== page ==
First Responder Unions Demand ID Protection

identity theft protection
Firefighter and police officer. | Image by Daniel Avram, Shutterstock

The Dallas Police Association (DPA) and Dallas Fire Fighters Association (DFFA) are demanding that the City of Dallas purchase identity theft protection for their members.

Their demand comes almost three weeks after an alleged ransomware attack purportedly affected a number of City computer systems and left City employees’ sensitive personal information exposed to cybercriminals, who have since allegedly threatened to publish such information online, as previously reported by The Dallas Express.

In a letter addressed to Dallas City Manager T.C. Broadnax, DPA President Mike Mata and DFFA President Jim McDade claimed that the City has been misrepresenting the extent first responder services have been impacted.

“Your office repeatedly stated that our operations were not affected in any way and that was flat out false, but through it all the men and women of the Police and Fire Departments were here to serve and protect the citizens and visitors of Dallas,” wrote Mata and McDade.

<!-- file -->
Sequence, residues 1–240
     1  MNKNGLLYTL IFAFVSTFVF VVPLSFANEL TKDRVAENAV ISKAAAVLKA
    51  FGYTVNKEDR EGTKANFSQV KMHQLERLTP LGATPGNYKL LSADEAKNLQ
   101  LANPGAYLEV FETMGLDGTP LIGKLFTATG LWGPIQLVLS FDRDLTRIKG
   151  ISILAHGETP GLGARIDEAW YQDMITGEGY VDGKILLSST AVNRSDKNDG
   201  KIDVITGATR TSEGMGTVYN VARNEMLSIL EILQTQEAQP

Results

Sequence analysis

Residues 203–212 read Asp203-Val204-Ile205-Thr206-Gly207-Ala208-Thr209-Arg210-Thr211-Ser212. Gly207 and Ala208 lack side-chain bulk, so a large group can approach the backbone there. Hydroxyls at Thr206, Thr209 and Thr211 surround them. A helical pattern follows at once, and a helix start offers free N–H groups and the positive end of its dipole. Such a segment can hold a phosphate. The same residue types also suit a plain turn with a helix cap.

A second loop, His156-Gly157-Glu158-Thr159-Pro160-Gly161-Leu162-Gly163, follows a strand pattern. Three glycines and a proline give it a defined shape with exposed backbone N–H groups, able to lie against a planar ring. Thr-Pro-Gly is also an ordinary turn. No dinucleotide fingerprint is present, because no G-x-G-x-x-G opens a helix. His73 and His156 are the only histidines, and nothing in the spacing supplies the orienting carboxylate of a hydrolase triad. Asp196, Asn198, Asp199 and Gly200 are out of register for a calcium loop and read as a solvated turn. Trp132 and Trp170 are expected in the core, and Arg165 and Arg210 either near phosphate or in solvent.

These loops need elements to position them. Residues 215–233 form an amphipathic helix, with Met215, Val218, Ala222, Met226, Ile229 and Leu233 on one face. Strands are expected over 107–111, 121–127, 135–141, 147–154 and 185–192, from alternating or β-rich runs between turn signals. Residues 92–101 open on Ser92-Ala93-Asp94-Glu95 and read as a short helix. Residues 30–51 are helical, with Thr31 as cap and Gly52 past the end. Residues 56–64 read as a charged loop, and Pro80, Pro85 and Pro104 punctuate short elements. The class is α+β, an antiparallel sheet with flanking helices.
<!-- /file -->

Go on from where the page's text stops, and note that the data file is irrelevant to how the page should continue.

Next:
The letter went on to blame Broadnax and his office for a possible lapse in cyber security, claiming that “the city manager’s office was warned in the past few years that the systems in place in Dallas were not sufficient and susceptible to attack and still nothing was done to both protect the city and its employees.”

Mata and McDade concluded their letter by arguing that purchasing identity theft protection services for their members is “necessary and the least the city can do to insure [sic] our personal financial information is not compromised.”

They want the service for five years at no cost to their members.

“The transparency through this whole thing has been questionable, at best,” McDade told WFAA. “We’ve been trying to get answers. They keep saying, ‘Well, we don’t think so.’ But nobody can give me a guarantee.”

In the City’s latest update, officials continued to deny that any sensitive information had been acquired by cybercriminals, claiming “there remains no established evidence of a data leak.”

Still, numerous City services in Dallas have been disrupted in recent weeks, purportedly because of the cyberattack. For instance, the Dallas Municipal Court building shut its doors on Monday and is not set to reopen until May 30, as previously reported by The Dallas Express.

“During this time, we cannot accept payments in person, online, or by phone. There are also no court hearings, trials, or jury duty. All cases scheduled during the outage will be reset,” said officials in a notice.

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  1. First Responder Unions Demand ID Protection – Round Up DFW - […] Dallas ExpressMay 26, 2023Uncategorized […]

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